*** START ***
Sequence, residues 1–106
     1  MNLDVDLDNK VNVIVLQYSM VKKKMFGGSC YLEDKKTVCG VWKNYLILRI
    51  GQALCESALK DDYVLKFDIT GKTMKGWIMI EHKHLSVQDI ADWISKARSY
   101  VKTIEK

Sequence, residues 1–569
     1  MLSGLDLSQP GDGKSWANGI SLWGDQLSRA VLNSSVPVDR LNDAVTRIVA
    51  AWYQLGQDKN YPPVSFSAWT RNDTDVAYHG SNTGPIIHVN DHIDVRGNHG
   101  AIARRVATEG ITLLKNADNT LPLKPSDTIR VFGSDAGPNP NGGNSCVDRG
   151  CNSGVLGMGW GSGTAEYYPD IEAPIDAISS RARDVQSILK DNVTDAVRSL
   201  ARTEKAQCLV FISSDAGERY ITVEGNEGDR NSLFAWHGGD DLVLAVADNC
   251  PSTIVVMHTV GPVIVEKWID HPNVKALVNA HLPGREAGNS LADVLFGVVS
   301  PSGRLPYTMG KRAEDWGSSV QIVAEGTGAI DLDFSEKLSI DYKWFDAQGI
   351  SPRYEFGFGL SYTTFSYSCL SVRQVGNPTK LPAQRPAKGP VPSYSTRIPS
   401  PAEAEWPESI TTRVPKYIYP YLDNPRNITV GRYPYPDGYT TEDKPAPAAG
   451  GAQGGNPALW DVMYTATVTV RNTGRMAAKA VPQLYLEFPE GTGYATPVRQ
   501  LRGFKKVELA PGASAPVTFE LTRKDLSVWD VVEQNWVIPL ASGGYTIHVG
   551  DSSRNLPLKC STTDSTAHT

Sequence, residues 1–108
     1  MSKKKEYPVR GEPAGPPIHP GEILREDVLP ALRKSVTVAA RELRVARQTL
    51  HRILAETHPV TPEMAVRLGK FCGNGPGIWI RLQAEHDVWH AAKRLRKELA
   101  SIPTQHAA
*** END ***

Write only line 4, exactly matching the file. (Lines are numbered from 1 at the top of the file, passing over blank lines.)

   101  VKTIEK